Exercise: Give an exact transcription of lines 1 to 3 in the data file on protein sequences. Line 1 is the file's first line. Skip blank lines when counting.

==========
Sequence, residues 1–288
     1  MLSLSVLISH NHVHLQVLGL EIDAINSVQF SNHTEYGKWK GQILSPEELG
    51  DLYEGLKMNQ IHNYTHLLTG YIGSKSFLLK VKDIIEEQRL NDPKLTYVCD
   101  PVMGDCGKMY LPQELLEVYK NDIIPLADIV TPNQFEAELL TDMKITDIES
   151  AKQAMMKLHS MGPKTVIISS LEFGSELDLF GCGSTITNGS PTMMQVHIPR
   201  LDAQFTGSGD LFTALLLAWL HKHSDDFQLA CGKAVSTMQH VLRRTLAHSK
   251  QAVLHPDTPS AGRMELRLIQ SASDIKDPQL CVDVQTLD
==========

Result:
Sequence, residues 1–288
     1  MLSLSVLISH NHVHLQVLGL EIDAINSVQF SNHTEYGKWK GQILSPEELG
    51  DLYEGLKMNQ IHNYTHLLTG YIGSKSFLLK VKDIIEEQRL NDPKLTYVCD